From the studies carried out, various methods as well as empirical formulas have also been proposed for overbank flow discharge calculation.  Based on the calculation involved, these methods can be divided into several groups, such as:  1.  Traditional methods such single channel method, channel division method, etc.; 2. The apparent shear force methods (Wormleaton, 1982; Knight & Demetriou, 1983; Prinos &Townsend, 1984; Christodolou & Myers, 1999; 3. The correction factor methods (Radojkovic, 1985; Wormleaton & Merrett, 1990; Ackers, 1992, 1993); 4. The numerical methods (Keller & Rodi, 1988; Tominaga & Nezu, 1991; Abida & Townsend, 1994; Knight & Shiono, 1990); etc.  Unfortunately, none yet commands wide spread acceptance.  The main reason for this is that most of the previous researches are based on small, and some in large-scale laboratory investigations, with certain idealized conditions, i.e. uniform channel cross-section, flood plain topography, surface roughness and bed slope etc.  Under such conditions, the equations derived will be specific for a certain channel type, and it is not general applicable to channels / rivers with different geometrical shapes and boundary conditions.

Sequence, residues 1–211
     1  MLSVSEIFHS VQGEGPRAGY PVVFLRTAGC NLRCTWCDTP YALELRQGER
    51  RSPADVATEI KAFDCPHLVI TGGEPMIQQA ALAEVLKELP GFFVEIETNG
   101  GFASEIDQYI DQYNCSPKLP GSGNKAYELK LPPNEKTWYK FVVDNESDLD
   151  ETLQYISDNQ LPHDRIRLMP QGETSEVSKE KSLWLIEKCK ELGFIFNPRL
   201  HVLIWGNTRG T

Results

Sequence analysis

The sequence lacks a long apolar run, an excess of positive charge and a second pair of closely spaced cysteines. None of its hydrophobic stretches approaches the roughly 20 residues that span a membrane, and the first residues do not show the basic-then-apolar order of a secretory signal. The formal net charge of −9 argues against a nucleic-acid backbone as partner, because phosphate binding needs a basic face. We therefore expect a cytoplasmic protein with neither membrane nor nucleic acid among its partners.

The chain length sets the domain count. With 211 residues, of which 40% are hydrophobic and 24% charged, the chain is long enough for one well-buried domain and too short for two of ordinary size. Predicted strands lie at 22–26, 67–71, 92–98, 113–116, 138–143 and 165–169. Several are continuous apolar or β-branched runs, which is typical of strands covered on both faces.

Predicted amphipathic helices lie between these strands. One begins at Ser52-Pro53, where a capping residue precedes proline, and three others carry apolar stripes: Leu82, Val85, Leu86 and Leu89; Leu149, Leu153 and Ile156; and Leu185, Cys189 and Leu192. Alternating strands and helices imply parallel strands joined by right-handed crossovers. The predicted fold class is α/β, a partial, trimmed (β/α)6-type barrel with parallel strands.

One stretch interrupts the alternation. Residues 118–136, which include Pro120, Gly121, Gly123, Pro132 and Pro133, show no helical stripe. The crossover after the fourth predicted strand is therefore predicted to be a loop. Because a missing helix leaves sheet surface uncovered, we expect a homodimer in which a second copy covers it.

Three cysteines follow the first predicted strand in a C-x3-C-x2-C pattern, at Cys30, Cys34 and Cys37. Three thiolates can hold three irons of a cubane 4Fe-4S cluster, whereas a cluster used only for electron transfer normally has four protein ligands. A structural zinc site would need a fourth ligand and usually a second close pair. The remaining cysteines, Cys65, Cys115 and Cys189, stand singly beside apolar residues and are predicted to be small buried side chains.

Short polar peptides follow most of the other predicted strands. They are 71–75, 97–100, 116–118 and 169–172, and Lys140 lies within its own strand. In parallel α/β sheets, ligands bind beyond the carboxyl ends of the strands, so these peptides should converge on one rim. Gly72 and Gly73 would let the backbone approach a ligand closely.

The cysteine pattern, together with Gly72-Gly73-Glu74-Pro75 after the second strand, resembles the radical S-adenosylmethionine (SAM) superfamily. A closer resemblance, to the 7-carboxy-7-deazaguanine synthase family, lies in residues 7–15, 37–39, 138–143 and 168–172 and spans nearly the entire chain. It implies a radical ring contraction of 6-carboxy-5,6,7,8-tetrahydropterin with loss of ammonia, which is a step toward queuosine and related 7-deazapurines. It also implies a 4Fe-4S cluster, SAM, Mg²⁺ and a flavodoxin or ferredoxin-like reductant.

More recently, much research effort on compound channel has been directed towards a better understanding of the complex turbulent structure and secondary current, and moved towards the development of multiple dimensional (2 or 3-D) models, such as the k-e, and algebraic stress models.  While some success have been achieved, these methods are too difficult to be used.  The present stage of development does not yet encourage its use in normal engineering design, partly because of the complexity, but mainly because of uncertainty about the turbulence coefficient and any variation in it.  Therefore, despite the significance progress so far, the problem with discharge estimation still remains.   


Flooding Rivers

In the case of flooding rivers, the flood plains are often heavily wooded or vegetated with very complex configurations, the shapes are irregular, and the flow is usually turbulent with a considerable mixing.  These leading to a completely different roughness conditions than that modeled in laboratory flumes, not surprisingly, there is as yet no commonly accepted method for discharge estimation in compound natural rivers.  In this case, full-scale field experiments would be the best way to further understanding of flow in compound river channels, as well as evolving accurate methods of discharge prediction. 


Unfortunately, fieldwork is rare, partly because compound channel flow conditions occur typically under flood conditions when acquisition of data is difficult and sometimes dangerous.  Clearly, further studies need to be carried out for overbank flow in natural rivers. 


 Objectives of the Study

In view of the shortage of investigation of flow in natural rivers during flood time, it was decided to: 

  1. Study the geometrical relationships for flooded natural rivers
  2. Study the velocity profiles and stage-discharge relationship for flooded natural rivers;
  3. Determine the boundary resistance factors for natural rivers with floodplain;